Glaze For Fondant?? (Or How Do I Make Fondant Shiny)

Decorating By cryssi Updated 6 May 2014 , 1:57am by poey223

cryssi Posted 28 Jun 2006 , 3:49pm
post #1 of 24

I did a seach but didn't come up with anything...

Has anyone put some sort of glaze on fondant to make it shiny? I was thinking of just using unflavored gelatin and brushing it on. I know that the problem with gelatin is that if you use a pastry brush, it will leave lines. I've been thinking about this, and wondered if a simple powdered sugar/water glaze would be shiny enough. I'm making a watermelon cake, and wanted to get the smooth, shiny look of a watermelon...although when I looked at one last night it wasn't all that shiny so maybe I wouldn't need it...

Anyway, TIA!

crystal

23 replies
moydear77 Posted 28 Jun 2006 , 3:53pm
post #2 of 24

Air brush it with luster dust or paint with Luster Dust.

leta Posted 28 Jun 2006 , 4:03pm
post #3 of 24

One thing you might try is taking a ball of fondant in your hand and rubbing it over your fondant covered cake. That can polish it up and make it shiny.

cryssi Posted 28 Jun 2006 , 4:38pm
post #4 of 24

hmm, thanks! I didn't want to use luster dust b/c I wanted that glassy sort of look. I'll definitely try the fondant rubbing, though! That might work!

MissBaritone Posted 28 Jun 2006 , 4:54pm
post #5 of 24

rubbing with fondant will make it smooth but it won't make it shiny. The best thing I've found to get a real shine is to mix some glycerine with water so you get a painting consistency then brush it on and it'll dry with a lovely shine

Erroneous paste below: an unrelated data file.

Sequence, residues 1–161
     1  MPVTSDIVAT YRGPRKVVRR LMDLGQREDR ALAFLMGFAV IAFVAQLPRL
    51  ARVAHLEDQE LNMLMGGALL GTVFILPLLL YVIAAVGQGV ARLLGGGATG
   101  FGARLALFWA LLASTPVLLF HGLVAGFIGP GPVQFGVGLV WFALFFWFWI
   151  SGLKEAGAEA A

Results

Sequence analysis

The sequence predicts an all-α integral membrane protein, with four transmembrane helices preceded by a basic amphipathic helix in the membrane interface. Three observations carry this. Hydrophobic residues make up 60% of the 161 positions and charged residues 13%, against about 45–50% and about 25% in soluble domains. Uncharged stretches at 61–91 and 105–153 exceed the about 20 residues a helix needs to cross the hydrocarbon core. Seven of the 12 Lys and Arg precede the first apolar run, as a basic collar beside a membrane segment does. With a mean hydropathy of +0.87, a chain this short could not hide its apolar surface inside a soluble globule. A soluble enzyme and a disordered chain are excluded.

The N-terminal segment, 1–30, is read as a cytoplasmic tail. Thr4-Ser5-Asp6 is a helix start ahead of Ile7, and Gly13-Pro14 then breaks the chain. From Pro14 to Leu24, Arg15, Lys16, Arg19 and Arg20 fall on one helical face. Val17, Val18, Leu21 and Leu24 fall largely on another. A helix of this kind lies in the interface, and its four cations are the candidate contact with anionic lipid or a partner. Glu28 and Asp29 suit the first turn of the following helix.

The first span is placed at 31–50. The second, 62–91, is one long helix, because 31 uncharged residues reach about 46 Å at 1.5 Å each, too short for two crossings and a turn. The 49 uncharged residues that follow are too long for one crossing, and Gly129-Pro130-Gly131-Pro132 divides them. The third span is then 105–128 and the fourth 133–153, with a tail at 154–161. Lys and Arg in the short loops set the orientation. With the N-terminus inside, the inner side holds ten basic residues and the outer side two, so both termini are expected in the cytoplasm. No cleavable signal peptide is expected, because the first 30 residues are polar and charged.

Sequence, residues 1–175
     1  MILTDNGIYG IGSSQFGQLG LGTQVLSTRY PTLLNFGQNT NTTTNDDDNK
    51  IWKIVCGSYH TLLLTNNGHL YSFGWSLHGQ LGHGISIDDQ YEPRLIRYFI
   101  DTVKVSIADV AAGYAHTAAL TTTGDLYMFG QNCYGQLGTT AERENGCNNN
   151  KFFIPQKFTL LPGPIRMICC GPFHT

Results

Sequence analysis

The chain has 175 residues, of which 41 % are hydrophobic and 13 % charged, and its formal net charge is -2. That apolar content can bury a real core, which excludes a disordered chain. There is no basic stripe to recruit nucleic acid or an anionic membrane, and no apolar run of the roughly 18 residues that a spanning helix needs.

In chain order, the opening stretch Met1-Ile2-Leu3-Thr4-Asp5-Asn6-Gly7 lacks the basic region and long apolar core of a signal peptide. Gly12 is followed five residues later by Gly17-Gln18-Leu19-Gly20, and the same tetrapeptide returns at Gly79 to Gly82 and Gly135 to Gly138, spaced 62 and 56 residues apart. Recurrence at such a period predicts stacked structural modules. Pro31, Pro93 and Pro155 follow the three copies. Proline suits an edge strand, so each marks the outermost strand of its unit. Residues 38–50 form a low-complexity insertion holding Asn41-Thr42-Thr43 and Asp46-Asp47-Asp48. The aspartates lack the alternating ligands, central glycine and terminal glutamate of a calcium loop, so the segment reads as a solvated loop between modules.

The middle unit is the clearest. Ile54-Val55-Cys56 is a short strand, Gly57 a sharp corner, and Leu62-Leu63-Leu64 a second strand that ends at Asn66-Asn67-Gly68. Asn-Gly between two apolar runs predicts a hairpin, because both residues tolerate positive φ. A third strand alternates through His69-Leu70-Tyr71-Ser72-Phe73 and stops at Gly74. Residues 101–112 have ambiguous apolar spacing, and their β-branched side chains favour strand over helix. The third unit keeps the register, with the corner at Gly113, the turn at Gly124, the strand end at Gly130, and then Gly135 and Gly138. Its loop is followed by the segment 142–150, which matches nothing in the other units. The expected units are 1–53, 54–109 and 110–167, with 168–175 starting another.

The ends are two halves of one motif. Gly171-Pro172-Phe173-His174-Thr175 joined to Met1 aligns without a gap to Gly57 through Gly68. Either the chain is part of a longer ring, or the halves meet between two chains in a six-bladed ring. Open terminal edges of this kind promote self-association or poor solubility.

cryssi Posted 28 Jun 2006 , 5:08pm
post #6 of 24

thanks! I'll try the glycerine!

cryssi Posted 5 Jul 2006 , 10:48pm
post #7 of 24

I rolled out my mmf on wax paper sprayed with Pam...gave it a nice, smooth finish...very watermelon-like! icon_smile.gif

DianeLM Posted 5 Jul 2006 , 10:58pm
post #8 of 24

I use confectioner's glaze, but sometimes it's not quite shiny enough. I'm going to try the glycerine and water next time (if I remember!)

MAK Posted 6 Jul 2006 , 4:12am
post #9 of 24

What's the ratio of glycerine to water?

poey223 Posted 29 Apr 2014 , 10:28pm
post #10 of 24

I'm in the same boat. I am making a Cop hat and the front strap and the brim have to look like Patent leather. I wonder how long the glycerine and water will take to dry. 

acakedecorator Posted 29 Apr 2014 , 10:42pm
post #11 of 24

Try steaming it to make it shiny. If you don't have a steamer, I have read that someone used their iron's steam setting (for larger projects like the thread starter's watermelon) and it worked great. For smaller items, someone said that they held it in the steam above boiling water.

Smckinney07 Posted 29 Apr 2014 , 10:47pm
post #12 of 24

A

Original message sent by acakedecorator

Try steaming it to make it shiny. If you don't have a steamer, I have read that someone used their iron's steam setting (for larger projects like the thread starter's watermelon) and it worked great. For smaller items, someone said that they held it in the steam above boiling water.

^^This^^

Or you can mix equal parts of corn syrup (which is similar to glycerine) and vodka/everclear and paint it.

Jakes Cakes Posted 30 Apr 2014 , 4:38am